What is an enterprising culture?
An entrepreneurial culture is best described as the members within an organisation demonstrating the willingness and attitude to generate income for that organisation. While you might think that sounds like many companies, there are plenty of businesses where the employees turn up to work simply to collect a paycheque.
If you own and operate a company, chances are you can name many workers who don’t show initiative to grow the business. It’s in every business owner’s best interest to foster the kind of culture where their employees are actively trying to make the enterprise more money. In this article, we cover some ways you, as a leader, can instil this entrepreneurial drive in your employees.
When attempting to get every one of your staff to pull in the same direction and generate more income for the business, it’s essential to think about what you’ll give them in return. While everyone wants to be a part of a successful business, your staff aren’t going to break their backs working for no compensation, so to speak!
This doesn’t just mean offering a competitive salary. The right employee benefits, such as subsidised lunches or paid volunteering days, could make all the difference. Simply put, if they are happy at work, they will be more productive, leading to higher revenue for the business. A study from DCR Strategies also found that a 5% increase in employee retention could lead to an 85% increase in profitability.
Similarly, using a system of bonuses or rewards measured against KPIs can really inspire an employee to do well. Even social causes are making use of similar tactics. Technology entrepreneur Ewan Kirk launched the Kirk Global Challenge to award students that came up with a way to creative ideas to solve essential issues in developing countries.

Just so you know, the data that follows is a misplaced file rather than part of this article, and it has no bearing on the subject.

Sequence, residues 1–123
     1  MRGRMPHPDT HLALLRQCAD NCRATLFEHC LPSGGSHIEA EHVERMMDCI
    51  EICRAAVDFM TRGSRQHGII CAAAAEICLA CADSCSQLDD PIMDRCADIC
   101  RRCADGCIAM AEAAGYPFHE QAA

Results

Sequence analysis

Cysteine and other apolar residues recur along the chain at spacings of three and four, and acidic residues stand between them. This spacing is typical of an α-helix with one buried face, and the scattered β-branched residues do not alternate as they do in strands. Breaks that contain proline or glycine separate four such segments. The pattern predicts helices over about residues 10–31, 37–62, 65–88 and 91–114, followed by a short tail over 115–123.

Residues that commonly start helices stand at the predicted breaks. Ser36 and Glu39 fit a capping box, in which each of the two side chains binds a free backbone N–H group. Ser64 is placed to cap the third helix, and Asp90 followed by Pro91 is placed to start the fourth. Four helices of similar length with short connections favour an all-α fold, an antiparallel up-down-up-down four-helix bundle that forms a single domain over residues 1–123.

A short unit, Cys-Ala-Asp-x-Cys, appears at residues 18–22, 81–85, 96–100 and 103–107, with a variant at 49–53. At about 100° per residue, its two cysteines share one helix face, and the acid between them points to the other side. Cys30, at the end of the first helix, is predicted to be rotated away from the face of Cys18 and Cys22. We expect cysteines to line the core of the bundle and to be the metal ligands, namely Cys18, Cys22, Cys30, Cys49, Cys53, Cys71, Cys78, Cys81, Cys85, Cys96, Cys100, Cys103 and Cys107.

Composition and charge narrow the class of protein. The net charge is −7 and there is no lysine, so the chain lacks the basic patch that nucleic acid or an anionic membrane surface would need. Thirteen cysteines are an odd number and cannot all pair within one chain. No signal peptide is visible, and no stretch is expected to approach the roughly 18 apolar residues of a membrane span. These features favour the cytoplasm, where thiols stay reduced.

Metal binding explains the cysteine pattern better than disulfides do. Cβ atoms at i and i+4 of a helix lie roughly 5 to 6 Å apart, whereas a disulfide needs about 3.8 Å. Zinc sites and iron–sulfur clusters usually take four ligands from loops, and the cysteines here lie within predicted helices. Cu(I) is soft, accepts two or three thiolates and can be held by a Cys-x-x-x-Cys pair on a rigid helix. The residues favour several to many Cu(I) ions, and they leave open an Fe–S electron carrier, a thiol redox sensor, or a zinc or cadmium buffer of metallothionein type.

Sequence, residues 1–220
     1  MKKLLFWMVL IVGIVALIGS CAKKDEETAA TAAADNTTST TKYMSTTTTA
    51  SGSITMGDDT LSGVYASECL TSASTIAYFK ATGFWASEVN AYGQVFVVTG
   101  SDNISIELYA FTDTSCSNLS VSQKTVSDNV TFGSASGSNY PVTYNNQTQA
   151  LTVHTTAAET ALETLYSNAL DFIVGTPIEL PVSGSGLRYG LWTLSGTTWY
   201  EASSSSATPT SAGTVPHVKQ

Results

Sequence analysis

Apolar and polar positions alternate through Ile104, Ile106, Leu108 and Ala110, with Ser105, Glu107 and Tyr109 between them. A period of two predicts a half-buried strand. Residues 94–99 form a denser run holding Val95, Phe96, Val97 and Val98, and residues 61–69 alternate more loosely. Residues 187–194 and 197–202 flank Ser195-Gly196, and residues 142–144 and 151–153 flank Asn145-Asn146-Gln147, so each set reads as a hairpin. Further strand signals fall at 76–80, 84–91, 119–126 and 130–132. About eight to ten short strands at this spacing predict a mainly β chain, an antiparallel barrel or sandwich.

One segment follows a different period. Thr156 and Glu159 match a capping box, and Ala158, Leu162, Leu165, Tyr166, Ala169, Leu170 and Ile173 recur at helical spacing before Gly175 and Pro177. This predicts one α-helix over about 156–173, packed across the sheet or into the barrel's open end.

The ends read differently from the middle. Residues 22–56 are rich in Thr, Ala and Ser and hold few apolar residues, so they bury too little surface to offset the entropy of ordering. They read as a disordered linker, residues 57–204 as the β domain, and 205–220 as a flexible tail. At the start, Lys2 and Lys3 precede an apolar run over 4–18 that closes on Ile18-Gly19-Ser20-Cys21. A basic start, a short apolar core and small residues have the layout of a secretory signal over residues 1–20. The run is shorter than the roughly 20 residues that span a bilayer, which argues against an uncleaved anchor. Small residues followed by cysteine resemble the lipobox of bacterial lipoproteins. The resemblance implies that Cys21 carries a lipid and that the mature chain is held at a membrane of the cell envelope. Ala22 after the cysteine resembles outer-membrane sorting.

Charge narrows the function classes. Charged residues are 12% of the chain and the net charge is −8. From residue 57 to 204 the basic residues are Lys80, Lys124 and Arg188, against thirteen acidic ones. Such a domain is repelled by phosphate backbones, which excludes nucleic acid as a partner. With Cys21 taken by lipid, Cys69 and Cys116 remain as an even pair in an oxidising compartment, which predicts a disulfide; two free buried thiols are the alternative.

If you are a small business and enter a competition like this, you could allocate some of the prize money to your employees. The great exposure you receive in your industry will be reward enough for your business. Other awards specifically for smaller enterprises include the FSB Celebrating Small Business Awards and the Shell LiveWIRE Awards.
To imbue your company with a particular culture, you must make your employees aware. Ensure they are informed about what you expect from them and that they are welcome to share ideas. Create an environment where people can interact with each other, as well as support each other’s achievements and successes. A study from Gallup also found that teams that were highly engaged were 21% more profitable.
Remind people about your vision and the direction you see the business going. Not only do your employees need incentives, but you do as well. Ask yourself where you see your business five, ten and even fifteen years later. Then make sure that roadmap is well-known among the others in your company.
Just as you need to communicate your vision, you need to let your staff know when they go above and beyond to generate income for the business. Bi-annual or even quarterly reviews will allow you to discuss an employee’s progress in line with your goals. It also lets them have an opportunity to discuss anything they are unhappy with, and likewise, you have the chance to do the same.
Feedback clarifies expectations and is not just valued on the employee side either. Research from Breathe has shown that small business owners understand the importance of giving feedback, as 72% said the employee appraisal process was valuable. A third (32%) considered it to be essential. It represents a suitable time for continued learning. Even at the executive level, an entrepreneurial culture can only sustain itself if everyone continuously learns how to improve the business.
Sustaining the culture
Just as you must do the above to create an enterprising culture, so too must you continue to do them. This isn’t a case of setting it and forgetting it. If you expect your employees to do their best to generate income, you need to learn how to keep them motivated.
This is especially important as your business grows. Getting your team to generate income is easy when you are a small operation. But as you grow, some of your thoughts will get lost in translation. The good news is that it’s much easier to instil these values into a company that’s just getting started rather than trying to flip the culture of a business on its head when there are already hundreds of employees.
Incentivise your employees to generate income, communicate what’s expected of them and give them feedback on whether or not you think they are moving in the right direction. You are well on your way to building an entrepreneurial culture.